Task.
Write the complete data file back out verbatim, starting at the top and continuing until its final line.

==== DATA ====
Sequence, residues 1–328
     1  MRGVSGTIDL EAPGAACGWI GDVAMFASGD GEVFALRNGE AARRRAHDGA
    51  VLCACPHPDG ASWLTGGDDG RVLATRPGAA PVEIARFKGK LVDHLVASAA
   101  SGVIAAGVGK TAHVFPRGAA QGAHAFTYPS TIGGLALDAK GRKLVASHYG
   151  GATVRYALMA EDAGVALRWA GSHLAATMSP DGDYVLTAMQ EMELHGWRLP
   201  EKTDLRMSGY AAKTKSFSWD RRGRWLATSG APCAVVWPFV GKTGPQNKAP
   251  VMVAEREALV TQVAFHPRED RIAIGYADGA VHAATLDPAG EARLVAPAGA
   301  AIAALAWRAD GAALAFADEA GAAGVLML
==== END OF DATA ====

Sequence, residues 1–328
     1  MRGVSGTIDL EAPGAACGWI GDVAMFASGD GEVFALRNGE AARRRAHDGA
    51  VLCACPHPDG ASWLTGGDDG RVLATRPGAA PVEIARFKGK LVDHLVASAA
   101  SGVIAAGVGK TAHVFPRGAA QGAHAFTYPS TIGGLALDAK GRKLVASHYG
   151  GATVRYALMA EDAGVALRWA GSHLAATMSP DGDYVLTAMQ EMELHGWRLP
   201  EKTDLRMSGY AAKTKSFSWD RRGRWLATSG APCAVVWPFV GKTGPQNKAP
   251  VMVAEREALV TQVAFHPRED RIAIGYADGA VHAATLDPAG EARLVAPAGA
   301  AIAALAWRAD GAALAFADEA GAAGVLML